Friday, December 26, 2008

The Winnowing: Howard Jacobs

Howard Jacobs,, actively represented Landis through the AAA hearing, and is well known for his defending many doping cases. Not wanting to dwell on specifics, he wanted to highlight some of the unique things about the atmosphere of the case:

[Back to the Introduction]

I think the Pepperdine hearing was a unique experience for those who were interested enough to follow a doping case from start to finish, even if the doping case at issue was atypical of most such cases. The fact that everything was made available - from the laboratory documents themselves, to the briefs and evidence, to the actual examination and cross-examination of witnesses, allowed those who were interested to draw their own informed opinions about the accuracy of the test results, the quality of the laboratory work, the fairness of the rules, and the fairness of the arbitration process itself.


Not surprisingly, different people viewing the same evidence came to markedly different conclusions on each of these subjects. While I have my own opinions, they are based on the same evidence and the same testimony that has resulted in such exhaustive and detailed debate on your blog site and others. What I do hope is that this process revealed that drug testing and the anti-doping process is not as black and white as most people previously believed.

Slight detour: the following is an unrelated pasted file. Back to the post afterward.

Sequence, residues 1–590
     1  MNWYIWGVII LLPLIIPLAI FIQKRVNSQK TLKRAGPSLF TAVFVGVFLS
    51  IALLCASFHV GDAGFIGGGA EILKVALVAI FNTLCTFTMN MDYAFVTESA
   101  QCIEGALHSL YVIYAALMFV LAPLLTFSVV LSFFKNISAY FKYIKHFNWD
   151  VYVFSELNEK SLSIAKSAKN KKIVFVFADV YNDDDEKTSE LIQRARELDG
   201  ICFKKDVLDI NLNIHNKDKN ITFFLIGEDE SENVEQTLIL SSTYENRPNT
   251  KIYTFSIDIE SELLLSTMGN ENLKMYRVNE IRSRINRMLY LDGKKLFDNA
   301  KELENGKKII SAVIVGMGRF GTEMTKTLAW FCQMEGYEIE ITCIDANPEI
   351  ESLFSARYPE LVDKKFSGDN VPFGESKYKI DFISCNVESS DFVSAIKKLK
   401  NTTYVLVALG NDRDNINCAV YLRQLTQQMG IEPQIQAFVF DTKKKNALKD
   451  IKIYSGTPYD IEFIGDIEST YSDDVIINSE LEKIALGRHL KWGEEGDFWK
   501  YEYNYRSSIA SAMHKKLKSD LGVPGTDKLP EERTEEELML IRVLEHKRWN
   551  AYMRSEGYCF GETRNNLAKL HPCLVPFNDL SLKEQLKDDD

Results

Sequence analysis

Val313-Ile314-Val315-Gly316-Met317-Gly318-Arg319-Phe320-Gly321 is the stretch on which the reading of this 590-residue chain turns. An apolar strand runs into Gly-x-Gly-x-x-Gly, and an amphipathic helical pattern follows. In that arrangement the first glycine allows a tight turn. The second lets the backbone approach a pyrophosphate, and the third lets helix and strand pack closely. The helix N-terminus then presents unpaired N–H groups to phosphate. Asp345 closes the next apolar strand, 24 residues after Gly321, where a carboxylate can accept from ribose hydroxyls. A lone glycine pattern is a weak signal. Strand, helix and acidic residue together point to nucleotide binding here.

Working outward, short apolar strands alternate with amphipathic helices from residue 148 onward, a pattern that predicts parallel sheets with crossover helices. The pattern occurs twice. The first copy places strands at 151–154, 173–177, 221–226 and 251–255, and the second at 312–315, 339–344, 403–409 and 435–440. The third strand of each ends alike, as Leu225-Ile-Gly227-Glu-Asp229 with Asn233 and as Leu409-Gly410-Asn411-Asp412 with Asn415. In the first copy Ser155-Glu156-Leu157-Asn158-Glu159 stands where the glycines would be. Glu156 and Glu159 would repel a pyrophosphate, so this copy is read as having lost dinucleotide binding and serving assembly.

It is doubtful that such a public hearing will ever occur again, as it is doubtful that such unique circumstances will repeat themselves in the future.

The public leak of the "A" results, the online posting of the "B" results the moment they were reported, and the intense media scrutiny around a positive drug test of the Tour de France champion created a situation where a public hearing made sense. Those same factors also created a situation where the media actually cared enough to attend and cover the Pepperdine hearing.

Those factors are not likely to combine again.

In fact, if the rules regarding disclosure of positive test results are followed, no athlete will ever request a public hearing, as the test results and the existence of the hearing would remain confidential until after the arbitration decision is rendered.

Best regards,

Howard Jacobs